China Jan car sales plunge due to holiday break
It's very hard to come up with a precise prediction when it comes to car sales in China. Government policies tend to play a big role here and can easily drive up or pin down the demand, said Sheng Ye, associate research director at industry consultancy Ipsos' Greater China region.
But there is no reason to be too pessimistic this year because of the growth potential in lower tier cities.
Only about 30 out of 1,000 people own cars in the northwestern provinces such as Gansu and Qinghai, a far cry from more than 200 in the Chinese capital city, according to Ipsos.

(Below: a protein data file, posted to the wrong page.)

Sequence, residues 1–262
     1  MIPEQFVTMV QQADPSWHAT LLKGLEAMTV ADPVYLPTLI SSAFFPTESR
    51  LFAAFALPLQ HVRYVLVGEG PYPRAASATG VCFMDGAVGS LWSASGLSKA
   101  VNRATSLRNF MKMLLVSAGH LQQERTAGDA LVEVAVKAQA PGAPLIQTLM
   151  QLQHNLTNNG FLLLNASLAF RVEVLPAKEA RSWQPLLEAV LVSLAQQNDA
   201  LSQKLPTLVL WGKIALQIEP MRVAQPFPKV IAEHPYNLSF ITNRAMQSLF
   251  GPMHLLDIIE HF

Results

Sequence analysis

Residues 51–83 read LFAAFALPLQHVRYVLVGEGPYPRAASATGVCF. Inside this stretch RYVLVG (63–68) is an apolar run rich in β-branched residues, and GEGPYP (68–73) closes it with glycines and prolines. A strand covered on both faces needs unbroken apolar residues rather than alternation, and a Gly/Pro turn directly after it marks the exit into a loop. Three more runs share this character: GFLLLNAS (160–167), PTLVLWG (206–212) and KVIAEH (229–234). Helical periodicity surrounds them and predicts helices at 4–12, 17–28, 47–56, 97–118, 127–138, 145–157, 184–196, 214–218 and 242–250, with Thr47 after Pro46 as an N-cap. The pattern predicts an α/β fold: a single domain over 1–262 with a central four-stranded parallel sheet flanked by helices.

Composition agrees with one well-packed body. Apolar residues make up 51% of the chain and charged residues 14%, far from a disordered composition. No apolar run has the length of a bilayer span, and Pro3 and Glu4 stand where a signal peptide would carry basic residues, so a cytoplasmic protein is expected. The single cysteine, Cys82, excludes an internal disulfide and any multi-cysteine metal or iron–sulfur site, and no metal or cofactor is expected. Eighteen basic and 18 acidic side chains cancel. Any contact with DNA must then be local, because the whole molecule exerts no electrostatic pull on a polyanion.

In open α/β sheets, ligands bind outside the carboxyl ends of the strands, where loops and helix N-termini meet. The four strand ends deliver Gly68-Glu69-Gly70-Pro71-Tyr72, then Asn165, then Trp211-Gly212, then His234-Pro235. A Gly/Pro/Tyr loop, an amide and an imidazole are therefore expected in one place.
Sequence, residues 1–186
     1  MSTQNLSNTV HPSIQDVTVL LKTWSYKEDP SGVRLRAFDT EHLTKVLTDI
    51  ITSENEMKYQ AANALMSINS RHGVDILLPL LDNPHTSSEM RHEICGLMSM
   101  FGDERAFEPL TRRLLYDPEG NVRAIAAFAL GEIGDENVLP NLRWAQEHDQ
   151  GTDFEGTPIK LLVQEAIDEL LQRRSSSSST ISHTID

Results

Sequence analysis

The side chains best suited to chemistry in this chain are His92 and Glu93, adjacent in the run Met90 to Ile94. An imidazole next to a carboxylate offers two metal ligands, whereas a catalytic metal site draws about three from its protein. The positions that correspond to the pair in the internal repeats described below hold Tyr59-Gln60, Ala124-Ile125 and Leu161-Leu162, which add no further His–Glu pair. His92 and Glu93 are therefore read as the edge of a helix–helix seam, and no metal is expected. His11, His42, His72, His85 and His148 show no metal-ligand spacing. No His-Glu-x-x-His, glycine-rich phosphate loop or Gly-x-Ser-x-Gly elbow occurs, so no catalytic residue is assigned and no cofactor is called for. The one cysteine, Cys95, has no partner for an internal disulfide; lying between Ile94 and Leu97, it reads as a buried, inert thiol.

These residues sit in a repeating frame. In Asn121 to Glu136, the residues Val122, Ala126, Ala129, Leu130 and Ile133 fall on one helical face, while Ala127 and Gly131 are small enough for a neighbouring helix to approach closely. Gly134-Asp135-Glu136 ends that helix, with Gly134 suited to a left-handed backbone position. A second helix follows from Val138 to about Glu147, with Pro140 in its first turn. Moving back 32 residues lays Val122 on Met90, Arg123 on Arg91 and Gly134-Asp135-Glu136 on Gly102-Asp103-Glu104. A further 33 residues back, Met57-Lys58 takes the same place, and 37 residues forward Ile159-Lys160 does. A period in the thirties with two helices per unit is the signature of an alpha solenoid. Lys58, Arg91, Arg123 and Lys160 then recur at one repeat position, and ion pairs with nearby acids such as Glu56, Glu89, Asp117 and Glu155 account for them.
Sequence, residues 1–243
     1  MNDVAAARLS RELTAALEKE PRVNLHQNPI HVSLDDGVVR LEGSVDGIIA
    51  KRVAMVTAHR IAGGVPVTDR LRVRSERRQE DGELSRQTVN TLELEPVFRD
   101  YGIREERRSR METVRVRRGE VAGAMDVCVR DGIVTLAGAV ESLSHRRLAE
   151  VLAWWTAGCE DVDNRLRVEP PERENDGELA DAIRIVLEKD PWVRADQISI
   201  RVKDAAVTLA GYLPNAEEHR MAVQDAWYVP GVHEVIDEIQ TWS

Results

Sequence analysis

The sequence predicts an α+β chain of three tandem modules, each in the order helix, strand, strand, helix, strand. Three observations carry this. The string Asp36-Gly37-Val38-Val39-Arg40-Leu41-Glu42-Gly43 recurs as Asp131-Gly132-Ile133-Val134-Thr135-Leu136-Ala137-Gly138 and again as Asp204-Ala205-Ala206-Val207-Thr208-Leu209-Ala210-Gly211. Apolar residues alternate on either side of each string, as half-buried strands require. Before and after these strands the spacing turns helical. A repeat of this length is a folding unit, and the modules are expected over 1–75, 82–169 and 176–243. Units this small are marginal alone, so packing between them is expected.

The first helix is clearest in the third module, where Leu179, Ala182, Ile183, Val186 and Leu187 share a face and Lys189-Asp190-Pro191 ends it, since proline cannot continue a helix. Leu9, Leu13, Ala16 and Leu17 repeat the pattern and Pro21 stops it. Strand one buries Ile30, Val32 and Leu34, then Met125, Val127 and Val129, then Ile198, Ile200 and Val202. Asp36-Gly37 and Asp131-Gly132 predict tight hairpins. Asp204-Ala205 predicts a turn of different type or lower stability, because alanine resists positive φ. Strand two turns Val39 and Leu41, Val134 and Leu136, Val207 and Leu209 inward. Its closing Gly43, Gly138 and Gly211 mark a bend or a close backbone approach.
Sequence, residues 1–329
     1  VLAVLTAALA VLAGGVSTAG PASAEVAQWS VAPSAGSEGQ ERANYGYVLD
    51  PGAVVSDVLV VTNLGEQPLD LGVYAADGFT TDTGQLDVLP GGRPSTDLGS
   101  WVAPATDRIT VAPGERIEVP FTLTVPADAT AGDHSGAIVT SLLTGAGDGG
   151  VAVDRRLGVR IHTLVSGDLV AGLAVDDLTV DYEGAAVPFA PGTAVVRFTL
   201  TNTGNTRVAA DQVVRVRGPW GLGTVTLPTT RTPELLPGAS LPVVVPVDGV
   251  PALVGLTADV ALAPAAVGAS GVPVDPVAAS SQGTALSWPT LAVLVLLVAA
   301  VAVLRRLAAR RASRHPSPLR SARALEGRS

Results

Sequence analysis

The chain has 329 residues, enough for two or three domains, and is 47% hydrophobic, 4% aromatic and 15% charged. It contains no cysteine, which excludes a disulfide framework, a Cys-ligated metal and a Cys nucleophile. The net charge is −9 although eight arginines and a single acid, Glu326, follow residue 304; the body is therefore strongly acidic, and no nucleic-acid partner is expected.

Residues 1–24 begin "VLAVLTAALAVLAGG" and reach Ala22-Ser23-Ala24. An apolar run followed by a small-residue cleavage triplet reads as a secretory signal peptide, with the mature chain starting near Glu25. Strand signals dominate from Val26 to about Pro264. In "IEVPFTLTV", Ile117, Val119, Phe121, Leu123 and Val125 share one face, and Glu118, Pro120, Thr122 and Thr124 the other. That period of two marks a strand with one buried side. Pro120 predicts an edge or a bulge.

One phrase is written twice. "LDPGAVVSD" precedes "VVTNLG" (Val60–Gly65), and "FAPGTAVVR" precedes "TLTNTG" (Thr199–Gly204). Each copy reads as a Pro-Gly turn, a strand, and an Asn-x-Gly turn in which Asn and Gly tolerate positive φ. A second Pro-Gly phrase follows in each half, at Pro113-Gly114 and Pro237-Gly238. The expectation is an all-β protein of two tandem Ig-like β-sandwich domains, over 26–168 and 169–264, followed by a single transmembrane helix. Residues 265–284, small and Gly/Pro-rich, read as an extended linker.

In January, a total of 1.16 million sedans, sport utility vehicles and multi-purpose vehicles were sold in the country, the China Association of Automobile Manufacturers (CAAM) said on Thursday.
That compared with 1.37 million cars sold in December, up 4.6 percent from a year earlier, according to CAAM.
In the United States, now the world's second-largest auto market, sales rose more than 11 percent in January, a surprisingly robust showing that marked the strongest annualized sales rate for the industry in nearly two-and-a-half years.
In Japan, car sales turned sharply higher in January, buoyed by the government's efforts to help its struggling auto industry, while sales in South Korea shrank on a slowing economy and a lull during the Lunar New Year holiday.
In China, January was not a good month for most foreign auto makers.
Ford Motor shipped
Be the first to comment.